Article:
A PROMINENT group of London-based businessmen with interests in

Scotland are setting up a pressure group to save the Fort William

sleeper and motorail services.

Their campaign against the the services being axed will underpin the

economic arguments already made in Scotland.

The London-Fort William sleepers are expected to be withdrawn in May

because the railway franchise director has excluded them from minimum

service levels required of train operators under privatisation.

The decision has led to protests from groups ranging from Highlands

and Islands Enterprise and Highland Regional Council to the Convention

of Scottish Local Authorities and the Scottish Tourist Board.

Objectors believe there is ''a good chance'' of the Government

changing its mind about which services should be guaranteed early in the

new year.

The London pressure group -- to include businessmen, politicians, and

broadcasters -- is expected to go public as soon as campaign tactics are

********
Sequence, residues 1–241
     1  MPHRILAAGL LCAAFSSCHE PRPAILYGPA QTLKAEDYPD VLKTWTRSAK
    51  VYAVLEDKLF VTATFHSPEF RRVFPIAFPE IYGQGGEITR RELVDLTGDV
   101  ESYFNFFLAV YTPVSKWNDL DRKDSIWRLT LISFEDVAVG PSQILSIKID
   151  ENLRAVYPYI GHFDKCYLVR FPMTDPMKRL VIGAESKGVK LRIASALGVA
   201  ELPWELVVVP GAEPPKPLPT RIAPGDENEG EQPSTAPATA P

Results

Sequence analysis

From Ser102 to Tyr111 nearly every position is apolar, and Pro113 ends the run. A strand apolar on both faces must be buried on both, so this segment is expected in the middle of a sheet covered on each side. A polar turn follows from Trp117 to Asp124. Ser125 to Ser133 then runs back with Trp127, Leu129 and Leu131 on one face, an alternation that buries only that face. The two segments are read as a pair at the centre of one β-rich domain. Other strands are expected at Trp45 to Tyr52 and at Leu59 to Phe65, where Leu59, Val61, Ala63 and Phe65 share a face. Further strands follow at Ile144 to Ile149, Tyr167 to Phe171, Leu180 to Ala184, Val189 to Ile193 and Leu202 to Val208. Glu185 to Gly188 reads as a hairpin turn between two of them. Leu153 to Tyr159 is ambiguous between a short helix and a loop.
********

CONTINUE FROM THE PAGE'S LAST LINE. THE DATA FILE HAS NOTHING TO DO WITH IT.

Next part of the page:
Spokesman Hugh Raven -- who splits his time between London and

Ardtornish on the Morvern peninsula, about 35 miles by road from Fort

William -- said yesterday: ''I expect the level of support from south of

the Border for the campaign against service reductions will not only be

helpful and significant but particularly effective.''

The English protesters are likely to lobby Transport Secretary Brian

Mawhinney and his Scottish counterpart, Lord James Douglas-Hamilton, to

at least keep the sleeper services during peak periods -- Christmas,

Easter, and the summer months.

Mr Raven, co-ordinator for a pressure group on farming, food, and the

environment, employs 18 people at a farm and holiday cottages at


He fears jobs will be lost if visitor numbers fell because of travel

difficulties caused by a loss of sleeper services: ''Travel here by any

other means than rail is an absolute nightmare.''

Mr Raven, 33, said the London lobby would highlight serious blows to

the West Highlands economy if the overnight trains were lost.

It also would argue that the line would be much more viable if

failures to promote the unique attractions of rail travel in the

Highlands were tackled.